In Florida, old and new arguments alike are being made on a state education department web site, at public hearings, and in letters, phone calls, and eMail messages to members of the state board of education.
The board was expected to vote on the standards in January, but the decision likely will be put off until February to accommodate two more public hearings, one scheduled for Jan. 3 in Jacksonville and another for Jan. 8 in Fort Lauderdale.
Board Chairman T. Willard Fair, who heads the Urban League of Greater Miami, said he had never received more correspondence on a single issue, but he declined to discuss his views.
“I’m keeping a fairly open mind,” said board member Donna Callaway, a retired Tallahassee middle school principal. She has a Southern Baptist background and her correspondence has been overwhelming against the evolution standards, but Callaway said she believed it should be taught in some manner.
Some Southern Baptist ministers have expressed opposition, but spokeswoman Lauren Urtel said the Florida Baptist Convention had taken no position and had no comment.
Board member Phoebe Raulerson, a former Okeechobee County school superintendent, said she couldn’t comment because she hadn’t yet examined the proposal and public comments.
At least one board member, though, strongly supports the standards.
“Evolution is well accepted in the scientific community as a fact,” said Roberto Martinez, a Coral Gables lawyer. “This is not a discussion on religion.”
The other three board members did not return telephone messages left at their homes or offices or were unable to schedule interviews in time for this story.
Education Commissioner Eric Smith said it would be inappropriate for him to comment until the standards are finalized.
Many supporters say the standards are compatible with their religious beliefs, including Joe Wolf, a Presbyterian deacon from Winter Haven who also serves as president of Florida Citizens for Science.
“What we really support is the teaching of strong science,” Wolf said. “Part of that has to be the teaching of evolution. Evolution is the foundation of biology.”
The standards are being updated on a 10-year cycle that in the future will go to six years, but advocates say changes also are desperately needed to improve Florida’s poor performance in science and prepare students to compete on a global level.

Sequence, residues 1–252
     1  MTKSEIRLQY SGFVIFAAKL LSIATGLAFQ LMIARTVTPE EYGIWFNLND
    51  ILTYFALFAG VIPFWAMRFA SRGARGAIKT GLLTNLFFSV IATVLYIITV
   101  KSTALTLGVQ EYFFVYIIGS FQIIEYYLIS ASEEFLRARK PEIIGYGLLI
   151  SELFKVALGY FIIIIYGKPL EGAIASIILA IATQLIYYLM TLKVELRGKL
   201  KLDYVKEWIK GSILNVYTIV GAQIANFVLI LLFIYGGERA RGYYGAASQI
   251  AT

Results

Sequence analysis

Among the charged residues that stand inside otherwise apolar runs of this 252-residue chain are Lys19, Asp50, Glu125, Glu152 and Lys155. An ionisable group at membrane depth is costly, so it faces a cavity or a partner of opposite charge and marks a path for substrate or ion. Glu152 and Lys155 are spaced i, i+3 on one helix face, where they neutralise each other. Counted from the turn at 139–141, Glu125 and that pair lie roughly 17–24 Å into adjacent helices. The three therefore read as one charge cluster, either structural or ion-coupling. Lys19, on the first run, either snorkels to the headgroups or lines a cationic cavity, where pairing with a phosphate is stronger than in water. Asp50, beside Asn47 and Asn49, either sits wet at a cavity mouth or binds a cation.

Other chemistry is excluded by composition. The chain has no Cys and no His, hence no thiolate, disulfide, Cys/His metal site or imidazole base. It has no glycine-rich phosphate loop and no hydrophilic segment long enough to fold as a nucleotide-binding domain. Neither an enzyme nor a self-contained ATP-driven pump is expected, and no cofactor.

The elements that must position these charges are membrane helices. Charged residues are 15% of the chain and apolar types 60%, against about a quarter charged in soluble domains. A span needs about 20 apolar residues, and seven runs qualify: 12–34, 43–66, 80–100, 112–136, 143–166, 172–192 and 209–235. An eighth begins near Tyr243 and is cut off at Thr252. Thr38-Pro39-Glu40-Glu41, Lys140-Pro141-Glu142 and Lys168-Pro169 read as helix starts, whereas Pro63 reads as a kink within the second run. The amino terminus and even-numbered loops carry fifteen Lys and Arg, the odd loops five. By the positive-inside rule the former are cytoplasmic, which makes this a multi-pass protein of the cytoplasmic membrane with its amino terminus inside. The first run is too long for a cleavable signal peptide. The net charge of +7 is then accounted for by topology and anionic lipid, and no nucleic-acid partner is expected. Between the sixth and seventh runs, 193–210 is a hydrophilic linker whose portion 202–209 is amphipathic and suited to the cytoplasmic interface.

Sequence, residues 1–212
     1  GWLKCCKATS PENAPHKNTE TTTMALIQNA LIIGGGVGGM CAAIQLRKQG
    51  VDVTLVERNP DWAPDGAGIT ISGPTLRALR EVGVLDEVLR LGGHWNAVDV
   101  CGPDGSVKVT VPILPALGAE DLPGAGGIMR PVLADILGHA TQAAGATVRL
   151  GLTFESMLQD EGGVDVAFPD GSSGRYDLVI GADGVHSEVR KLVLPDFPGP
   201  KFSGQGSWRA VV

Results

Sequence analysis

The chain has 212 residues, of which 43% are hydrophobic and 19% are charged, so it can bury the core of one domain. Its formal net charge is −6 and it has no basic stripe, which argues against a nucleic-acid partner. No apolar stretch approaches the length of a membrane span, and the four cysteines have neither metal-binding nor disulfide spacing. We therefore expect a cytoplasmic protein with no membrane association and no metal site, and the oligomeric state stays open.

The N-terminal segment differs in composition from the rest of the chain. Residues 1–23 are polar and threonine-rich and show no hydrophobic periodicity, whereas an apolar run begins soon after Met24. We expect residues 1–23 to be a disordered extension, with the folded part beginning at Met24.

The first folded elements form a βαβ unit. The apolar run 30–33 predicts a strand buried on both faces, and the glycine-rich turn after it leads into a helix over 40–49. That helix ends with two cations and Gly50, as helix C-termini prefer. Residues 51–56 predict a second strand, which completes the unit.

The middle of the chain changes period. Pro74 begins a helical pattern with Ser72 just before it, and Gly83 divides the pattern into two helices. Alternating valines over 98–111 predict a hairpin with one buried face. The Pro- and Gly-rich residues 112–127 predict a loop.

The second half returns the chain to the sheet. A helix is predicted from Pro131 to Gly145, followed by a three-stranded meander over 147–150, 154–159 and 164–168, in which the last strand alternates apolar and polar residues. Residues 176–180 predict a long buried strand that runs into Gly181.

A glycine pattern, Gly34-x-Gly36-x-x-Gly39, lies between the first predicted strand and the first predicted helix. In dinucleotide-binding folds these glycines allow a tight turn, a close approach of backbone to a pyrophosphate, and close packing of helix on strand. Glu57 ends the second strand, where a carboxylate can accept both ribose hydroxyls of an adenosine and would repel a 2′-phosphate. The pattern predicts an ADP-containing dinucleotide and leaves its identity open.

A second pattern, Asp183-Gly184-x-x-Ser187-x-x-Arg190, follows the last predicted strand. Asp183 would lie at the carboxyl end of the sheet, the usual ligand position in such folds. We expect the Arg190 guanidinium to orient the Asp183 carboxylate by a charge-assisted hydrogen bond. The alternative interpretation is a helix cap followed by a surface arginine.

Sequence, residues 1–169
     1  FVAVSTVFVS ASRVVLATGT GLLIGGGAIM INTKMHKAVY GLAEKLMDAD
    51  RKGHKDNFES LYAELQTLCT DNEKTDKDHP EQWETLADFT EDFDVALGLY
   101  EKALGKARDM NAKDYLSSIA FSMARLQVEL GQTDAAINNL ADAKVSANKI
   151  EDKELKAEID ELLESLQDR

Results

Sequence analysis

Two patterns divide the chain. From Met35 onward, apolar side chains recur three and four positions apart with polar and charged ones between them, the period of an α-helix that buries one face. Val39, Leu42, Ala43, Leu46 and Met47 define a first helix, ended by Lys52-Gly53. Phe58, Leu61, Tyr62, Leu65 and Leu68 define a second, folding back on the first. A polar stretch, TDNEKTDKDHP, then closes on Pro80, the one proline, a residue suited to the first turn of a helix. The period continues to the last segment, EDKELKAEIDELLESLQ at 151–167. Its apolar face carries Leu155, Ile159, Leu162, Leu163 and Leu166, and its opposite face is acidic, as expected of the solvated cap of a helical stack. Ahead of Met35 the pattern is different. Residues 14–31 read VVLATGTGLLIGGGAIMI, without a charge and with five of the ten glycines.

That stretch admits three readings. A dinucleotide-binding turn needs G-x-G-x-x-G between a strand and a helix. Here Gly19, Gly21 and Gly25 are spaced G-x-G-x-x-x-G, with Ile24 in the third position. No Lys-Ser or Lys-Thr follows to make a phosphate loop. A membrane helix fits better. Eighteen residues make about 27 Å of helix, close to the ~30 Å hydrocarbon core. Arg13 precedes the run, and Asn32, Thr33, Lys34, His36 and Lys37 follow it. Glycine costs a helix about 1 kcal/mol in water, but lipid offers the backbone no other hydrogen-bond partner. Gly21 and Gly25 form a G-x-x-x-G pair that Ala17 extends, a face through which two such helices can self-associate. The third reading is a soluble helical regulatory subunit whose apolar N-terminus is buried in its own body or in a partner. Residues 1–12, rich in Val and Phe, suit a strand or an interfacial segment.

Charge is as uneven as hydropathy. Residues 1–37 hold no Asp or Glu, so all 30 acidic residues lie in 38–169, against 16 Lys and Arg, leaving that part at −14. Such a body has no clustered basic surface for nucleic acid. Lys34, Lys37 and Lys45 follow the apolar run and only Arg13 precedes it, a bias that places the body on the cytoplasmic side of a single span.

The Fordham Institute in 2005 gave the current standards an F, saying they are “sorely lacking in content.” Florida students also score below the national average on college entrance tests, and the gap has widened in recent years.
The present standards have been criticized for being “a mile wide and an inch deep,” covering too many topics for students to fully understand them, education officials say. The new ones would be narrower but deeper.
The writing committee might make changes after reviewing public comments. Dec. 14 is the deadline for submissions to the web site.
There was little dissent on evolution in the committees except for framer Fred Cutting, an aerospace engineer from Clearwater.
“Students should learn why some scientists give scientific critiques of standard models of neo-Darwinian evolution,” he wrote in a letter to both committees.
Cutting has attended intelligent design meetings but said he’s “not coming at this from a religious point of view.”
The new Florida standards are based on those in other states and nations considered leaders in teaching science.
“We’re not talking about crazy, wacky stuff,” said Sherry Southerland, associate professor of science education at Florida State University. “This is the fundamental science the rest of the world learns.”
The science standards review web site keeps the identity of people making comments secret so they will not feel intimidated, said Mary Jane Tappen, the state education department’s math and science director.
Few seem to have held anything back. A couple of opponents characterized the standards as “communistic” or the work of “liberal wackos.” One supporter, though, urged that the state not “bow to the demands of these religious fanatics.” Some suggested evolution be taught but continue to be called something else to avoid controversy.
Southerland, who served on the framing and writing committees, was dismayed evolution has overshadowed other parts of the standards she says are more important, but Tappen said the debate had been positive.
“It’s a good thing that so many people are concerned about science,” Tappen said. “At least we have their interest—and they know we have new standards.”